3. Cooperative Education – Making It Work: Edutopia provides a brief article in which an educator explores the concept and methods of cooperative learning. This piece lists a handful of key factors that need to be considered in order for this type of learning to be successful in the classroom, such as educators being clear about what they want to accomplish with a specific task, giving clear explanations to students of the academic and social goals of a task, etc. Lastly, the author talks about how it is necessary to debrief as a class once a cooperative learning task is completed because learning takes place when students reflect. 

Informational Sites

  1. Cooperative Learning – Teaching Strategy (Grades K-12): TeacherVision offers educators and students useful information on cooperative learning. This article includes a definition of cooperative learning, a list of the five basic elements that allow successful small-group learning, a list of reasons why cooperative learning is important, an explanation of how educators can implement cooperative learning into the classroom, an overview of the various student roles which can be utilized, etc. Also, the TeacherVision Staff offers insight into how cooperative learning can be used in different subject areas (reading, writing, math, science, social studies).
  2. Cooperative Learning: Lumen provides information on cooperative learning, key features that make cooperative learning work well, and examples of cooperative and collaborative learning. The most beneficial knowledge in this article may be the list of features that improve cooperative learning because it will help guide educators on the dos and don’ts of cooperative learning in the classroom.
  3. Research Spotlight on Cooperative Learning: The NEA staff researchers have reviewed the research on the best practices in education, specifically cooperative learning. The researchers explain the definition of cooperative learning, its benefits, etc. This resource will help educators better understand the importance of cooperation in the classroom!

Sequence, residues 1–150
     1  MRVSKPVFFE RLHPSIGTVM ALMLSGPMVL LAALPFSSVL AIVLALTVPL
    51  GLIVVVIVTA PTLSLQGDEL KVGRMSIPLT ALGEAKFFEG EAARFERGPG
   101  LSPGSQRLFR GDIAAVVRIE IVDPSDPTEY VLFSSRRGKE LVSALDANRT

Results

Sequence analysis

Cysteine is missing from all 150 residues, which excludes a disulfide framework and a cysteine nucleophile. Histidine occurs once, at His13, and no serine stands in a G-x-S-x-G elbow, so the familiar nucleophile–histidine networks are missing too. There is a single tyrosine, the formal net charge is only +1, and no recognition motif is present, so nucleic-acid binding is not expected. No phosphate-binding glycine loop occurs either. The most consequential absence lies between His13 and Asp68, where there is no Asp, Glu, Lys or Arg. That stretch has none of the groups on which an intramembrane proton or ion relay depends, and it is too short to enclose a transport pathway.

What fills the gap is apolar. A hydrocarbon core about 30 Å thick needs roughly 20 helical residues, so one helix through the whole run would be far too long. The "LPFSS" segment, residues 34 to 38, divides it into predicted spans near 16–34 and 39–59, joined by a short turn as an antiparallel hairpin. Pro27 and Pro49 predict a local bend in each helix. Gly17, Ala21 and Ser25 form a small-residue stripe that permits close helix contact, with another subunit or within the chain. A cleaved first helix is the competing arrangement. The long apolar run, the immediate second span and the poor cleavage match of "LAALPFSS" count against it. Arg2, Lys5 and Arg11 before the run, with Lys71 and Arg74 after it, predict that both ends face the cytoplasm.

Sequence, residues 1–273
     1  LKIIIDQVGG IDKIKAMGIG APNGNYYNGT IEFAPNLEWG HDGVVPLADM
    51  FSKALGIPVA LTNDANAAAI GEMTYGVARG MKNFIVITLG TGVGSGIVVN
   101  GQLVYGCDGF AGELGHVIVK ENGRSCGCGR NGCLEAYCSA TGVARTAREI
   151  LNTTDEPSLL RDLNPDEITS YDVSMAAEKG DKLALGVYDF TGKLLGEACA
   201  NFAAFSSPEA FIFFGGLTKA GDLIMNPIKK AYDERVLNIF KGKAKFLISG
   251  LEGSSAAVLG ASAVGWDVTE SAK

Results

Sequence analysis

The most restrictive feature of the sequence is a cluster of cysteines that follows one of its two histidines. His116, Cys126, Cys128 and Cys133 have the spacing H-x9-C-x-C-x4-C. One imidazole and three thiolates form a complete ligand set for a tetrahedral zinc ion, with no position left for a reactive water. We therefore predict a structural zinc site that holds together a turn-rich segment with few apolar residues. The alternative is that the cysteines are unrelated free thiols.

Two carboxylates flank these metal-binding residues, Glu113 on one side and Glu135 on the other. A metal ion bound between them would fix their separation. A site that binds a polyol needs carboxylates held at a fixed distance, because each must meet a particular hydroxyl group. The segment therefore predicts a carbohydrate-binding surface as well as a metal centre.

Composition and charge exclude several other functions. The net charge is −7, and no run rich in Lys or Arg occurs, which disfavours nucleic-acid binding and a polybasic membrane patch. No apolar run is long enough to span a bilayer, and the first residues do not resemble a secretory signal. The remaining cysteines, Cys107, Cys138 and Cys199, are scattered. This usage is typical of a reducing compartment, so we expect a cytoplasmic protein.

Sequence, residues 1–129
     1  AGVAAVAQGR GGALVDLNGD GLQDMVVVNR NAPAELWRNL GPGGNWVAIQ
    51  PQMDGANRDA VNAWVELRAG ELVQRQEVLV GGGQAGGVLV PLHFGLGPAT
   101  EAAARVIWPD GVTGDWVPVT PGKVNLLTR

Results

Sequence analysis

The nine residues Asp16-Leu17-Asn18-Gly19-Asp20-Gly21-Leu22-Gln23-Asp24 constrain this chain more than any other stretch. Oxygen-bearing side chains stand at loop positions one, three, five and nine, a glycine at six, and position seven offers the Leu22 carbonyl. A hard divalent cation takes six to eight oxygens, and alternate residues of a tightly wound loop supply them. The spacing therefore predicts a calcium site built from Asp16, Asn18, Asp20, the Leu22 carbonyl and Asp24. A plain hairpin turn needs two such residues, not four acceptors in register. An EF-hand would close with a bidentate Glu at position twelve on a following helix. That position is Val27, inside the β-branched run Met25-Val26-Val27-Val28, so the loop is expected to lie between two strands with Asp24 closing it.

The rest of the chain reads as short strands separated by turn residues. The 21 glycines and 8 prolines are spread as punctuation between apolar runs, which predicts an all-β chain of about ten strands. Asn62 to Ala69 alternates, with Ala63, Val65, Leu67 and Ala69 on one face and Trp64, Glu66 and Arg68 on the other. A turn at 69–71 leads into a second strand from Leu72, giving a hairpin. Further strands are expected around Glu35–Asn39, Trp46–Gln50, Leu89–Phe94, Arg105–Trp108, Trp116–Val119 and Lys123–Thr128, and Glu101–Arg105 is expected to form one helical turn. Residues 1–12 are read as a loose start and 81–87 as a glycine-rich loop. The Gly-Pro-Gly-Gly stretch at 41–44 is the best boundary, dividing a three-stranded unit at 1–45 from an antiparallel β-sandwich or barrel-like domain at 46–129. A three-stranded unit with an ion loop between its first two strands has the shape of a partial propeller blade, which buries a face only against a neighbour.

Teaching with cooperative learning is an important task because it significantly changes the way students learn in the classroom. The terms cooperative learning and collaborative learning are often used interchangeably, but there are several vital differences between these two learning strategies. In cooperative learning activities, students are assigned specific group roles, while in collaborative learning activities, students coordinate their efforts to accomplish their goal. The resources above will help you to successfully implement cooperative learning into your classroom!

Additional Resources

  1. 3 Best Cooperative Learning Strategies Proven to Maximize Gains: Prodigy provides an article explaining cooperative learning, the five key elements of cooperative learning, the research-backed benefits of cooperative learning, and the various types of cooperative learning strategies (i.e. formal, informal, and base group cooperative learning strategies).
  2. Let’s Cooperate! Teachers Share Tips for Cooperative Learning: Education World offers an article in which educators share their personal experiences with cooperative learning in the classroom. Educators discuss everything from forming groups, using rubrics, delegating responsibilities in groups, promoting cooperation among students, and more.